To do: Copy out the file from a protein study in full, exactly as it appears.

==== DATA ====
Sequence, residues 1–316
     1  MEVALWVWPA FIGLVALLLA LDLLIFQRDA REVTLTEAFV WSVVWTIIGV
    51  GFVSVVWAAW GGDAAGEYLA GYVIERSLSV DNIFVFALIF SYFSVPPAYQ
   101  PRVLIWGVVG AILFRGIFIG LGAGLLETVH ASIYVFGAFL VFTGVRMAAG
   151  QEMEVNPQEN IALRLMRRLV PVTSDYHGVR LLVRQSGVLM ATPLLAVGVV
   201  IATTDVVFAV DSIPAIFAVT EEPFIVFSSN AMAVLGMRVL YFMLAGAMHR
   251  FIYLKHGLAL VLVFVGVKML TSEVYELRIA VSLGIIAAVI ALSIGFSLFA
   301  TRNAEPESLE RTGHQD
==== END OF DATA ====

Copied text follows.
Sequence, residues 1–316
     1  MEVALWVWPA FIGLVALLLA LDLLIFQRDA REVTLTEAFV WSVVWTIIGV
    51  GFVSVVWAAW GGDAAGEYLA GYVIERSLSV DNIFVFALIF SYFSVPPAYQ
   101  PRVLIWGVVG AILFRGIFIG LGAGLLETVH ASIYVFGAFL VFTGVRMAAG
   151  QEMEVNPQEN IALRLMRRLV PVTSDYHGVR LLVRQSGVLM ATPLLAVGVV
   201  IATTDVVFAV DSIPAIFAVT EEPFIVFSSN AMAVLGMRVL YFMLAGAMHR
   251  FIYLKHGLAL VLVFVGVKML TSEVYELRIA VSLGIIAAVI ALSIGFSLFA
   301  TRNAEPESLE RTGHQD